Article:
Sunday, February 1, 2009

We Don't Know Things When We're Seven

John "Spoony" Webb & Sarah Hamby Webb
Grandma & Grandpa Webb
It was cold in Ludlow, Kentucky that winter, 1937. There really wasn't much anybody could afford to do. Every morning, Pop had paid a penny each day for six years to walk across the railroad bridge that spanned the Ohio River. Stepping onto the shores of Cincinnati, he searched for work. The days were long, and Pop did whatever he could to earn money. He swept floors, carried ice, hauled lard, whatever anybody was willing to pay him to do, he did.

Then the floods came. We lived up on Linden Street, so we didn't have flood water in our house, but so many of our friends did. Then Grandma Webb took sick. She came down with pneumonia and died that year. Grandma and Grandpa had moved up here from Tennessee, but there was never a question about where either of them would be buried when it was their time to go. So we boarded a 'troops' train' that carried troops going off to the military. Grandma's casket was in the baggage car bound for Glenmary, Tennessee.

It was cold and snowing, and there wasn't anyway were were going to get Grandma to the Webb Cemetery if we took her to Webb Mountain to be laid out in the parlor of the old home place. A lady in Glenmary let us lay her out in her home at the foot of the hill. I wish I could remember who she was. It was custom that when someone was laid out in the home, someone had to stay with the body at all times; so mom and I stayed up watching Grandma sleep all night.

The next day we had Grandma's funeral. The roads were bad and the undertaker said we couldn't get a hearse up the hill. Uncle Doc, Uncle Jim, Homer and Pop spent the night digging Grandma's grave. I'll never know how they were able to do it with the snow coming down. When Pop came inside the house, his hands were red and nearly frozen. Mom ran warm water over them and applied lineament to ward off frostbite.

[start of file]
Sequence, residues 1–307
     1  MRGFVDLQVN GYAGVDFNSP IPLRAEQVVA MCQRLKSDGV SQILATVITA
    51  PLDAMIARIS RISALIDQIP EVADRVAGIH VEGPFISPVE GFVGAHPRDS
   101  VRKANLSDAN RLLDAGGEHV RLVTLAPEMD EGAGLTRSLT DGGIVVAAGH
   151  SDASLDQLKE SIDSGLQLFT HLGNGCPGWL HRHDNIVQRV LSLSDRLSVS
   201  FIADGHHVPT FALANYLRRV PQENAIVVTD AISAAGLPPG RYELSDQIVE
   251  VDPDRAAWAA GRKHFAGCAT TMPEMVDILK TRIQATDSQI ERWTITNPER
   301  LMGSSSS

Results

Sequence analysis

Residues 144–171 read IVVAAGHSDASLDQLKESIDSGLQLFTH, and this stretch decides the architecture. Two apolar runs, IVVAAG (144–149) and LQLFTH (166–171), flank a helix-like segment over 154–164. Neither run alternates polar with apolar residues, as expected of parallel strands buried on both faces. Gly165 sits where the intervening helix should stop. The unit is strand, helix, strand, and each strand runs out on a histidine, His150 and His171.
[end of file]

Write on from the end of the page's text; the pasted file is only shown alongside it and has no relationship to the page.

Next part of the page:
The undertaker had the men load Grandma's casket onto a flat wagon, and a mule hauled her body up the hill to Webb's Cemetery. The family walked behind the wagon all the way up the hill. I remember being so scared that Grandma was going to slide off the wagon. The snow was merciless, and the mountain seemed so steep. When they went to lower Grandma's casket into the grave, Uncle Doc fell in! Buddy started to laugh, and Mom reached down and yanked him back to silence. I started crying because I thought Uncle Doc was going with Grandma, and it was bad enough losing her.

After the funeral, we did go up to the Webb farm. Uncle Doc and Aunt Annie were living there then. I remember Aunt Annie made pallets on the living room floor in front of the fireplace for Buddy and me. After everyone had gone to sleep, Aunt Annie came walking through the room, and Buddy reached out and grabbed her ankle. Aunt Annie screamed and woke up everyone in the house. Buddy got his bottom smacked, but Aunt Annie was so timid. It really didn't take anything to scare her out of her wits. She was very kind and gentle.

When we all came back to Ludlow after Grandma's funeral, it was still cold, and we were still poor. The thing was, everybody was poor. Nobody had any "extra" money. Grandpa Webb went back to his house, which was right across from the Baptist Church. Grandma and Grandpa always went to church. Grandpa never went out of the house that he didn't have on a nice pair of pants with good shoes and nice shirt. He nearly always wore a jacket, and he used a cane and sometimes wore a hat. He was a very dignified man, and people probably thought he was better off than he actually was based on how he dressed.

I remember later in the summertime, one time Buddy and I were playing with our friends in the street. I don't even remember what we were playing, but Grandpa came walking down the street. He hollered, "Rebie, come over here. I want to see my grand baby."

Buddy ran over to him, but I was too busy. At first I ignored him. Then I finally, said, "Grandpa, I'm playing." He talked a little bit to Buddy and then he went on back home, and I watched him walk into the house and close the screen door. I've never forgotten that, and I've always felt guilty about it. All he wanted was to see his grandbaby, and I acted terrible to him. I just wanted to play. He never said anything else about it. Buddy and I never talked about it. I was a kid, and kids can be mean. We don't know when we're seven what we'll regret when we're 80.

Grandpa died in 1941. We took him back to Tennessee on a train too. It was nearly a repeat of Grandma's funeral, but we laid Grandpa out in the Webb house; however, we did carry him to the cemetery on a mule-pulled wagon. Mom, Aunt Lucy, Aunt Annie, Sarah, Joyce and I stayed up with the body all night, while the same men who dug Grandma's grave dug Grandpa's. Things were very different then, very different.

Written by Reba Webb Goff

February 1, 2009

1 comment:

Janet Iles said...

Thank you for sharing Reba's story. It certainly give us an idea what people had to go through in the past.